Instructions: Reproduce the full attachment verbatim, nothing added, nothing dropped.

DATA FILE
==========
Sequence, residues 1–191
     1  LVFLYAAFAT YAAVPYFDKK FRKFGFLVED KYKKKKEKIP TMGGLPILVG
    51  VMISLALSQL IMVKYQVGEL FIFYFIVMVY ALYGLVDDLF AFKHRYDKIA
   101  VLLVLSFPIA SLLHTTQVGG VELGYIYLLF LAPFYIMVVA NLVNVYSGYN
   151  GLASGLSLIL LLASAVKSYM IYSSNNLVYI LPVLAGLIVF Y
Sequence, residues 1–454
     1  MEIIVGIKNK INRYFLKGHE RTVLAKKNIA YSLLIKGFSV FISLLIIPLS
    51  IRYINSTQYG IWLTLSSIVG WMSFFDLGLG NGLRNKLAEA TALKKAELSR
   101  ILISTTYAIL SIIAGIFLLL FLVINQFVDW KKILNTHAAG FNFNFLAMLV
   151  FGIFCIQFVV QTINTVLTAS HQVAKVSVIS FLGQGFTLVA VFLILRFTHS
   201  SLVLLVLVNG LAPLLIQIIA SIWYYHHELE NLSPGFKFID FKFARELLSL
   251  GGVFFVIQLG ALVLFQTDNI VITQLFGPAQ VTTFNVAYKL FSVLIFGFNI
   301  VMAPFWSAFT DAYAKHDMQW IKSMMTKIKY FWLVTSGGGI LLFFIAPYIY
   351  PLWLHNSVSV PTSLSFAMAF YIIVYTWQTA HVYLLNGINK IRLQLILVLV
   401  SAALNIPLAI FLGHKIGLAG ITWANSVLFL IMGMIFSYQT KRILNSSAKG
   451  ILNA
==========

Sequence, residues 1–191
     1  LVFLYAAFAT YAAVPYFDKK FRKFGFLVED KYKKKKEKIP TMGGLPILVG
    51  VMISLALSQL IMVKYQVGEL FIFYFIVMVY ALYGLVDDLF AFKHRYDKIA
   101  VLLVLSFPIA SLLHTTQVGG VELGYIYLLF LAPFYIMVVA NLVNVYSGYN
   151  GLASGLSLIL LLASAVKSYM IYSSNNLVYI LPVLAGLIVF Y
Sequence, residues 1–454
     1  MEIIVGIKNK INRYFLKGHE RTVLAKKNIA YSLLIKGFSV FISLLIIPLS
    51  IRYINSTQYG IWLTLSSIVG WMSFFDLGLG NGLRNKLAEA TALKKAELSR
   101  ILISTTYAIL SIIAGIFLLL FLVINQFVDW KKILNTHAAG FNFNFLAMLV
   151  FGIFCIQFVV QTINTVLTAS HQVAKVSVIS FLGQGFTLVA VFLILRFTHS
   201  SLVLLVLVNG LAPLLIQIIA SIWYYHHELE NLSPGFKFID FKFARELLSL
   251  GGVFFVIQLG ALVLFQTDNI VITQLFGPAQ VTTFNVAYKL FSVLIFGFNI
   301  VMAPFWSAFT DAYAKHDMQW IKSMMTKIKY FWLVTSGGGI LLFFIAPYIY
   351  PLWLHNSVSV PTSLSFAMAF YIIVYTWQTA HVYLLNGINK IRLQLILVLV
   401  SAALNIPLAI FLGHKIGLAG ITWANSVLFL IMGMIFSYQT KRILNSSAKG
   451  ILNA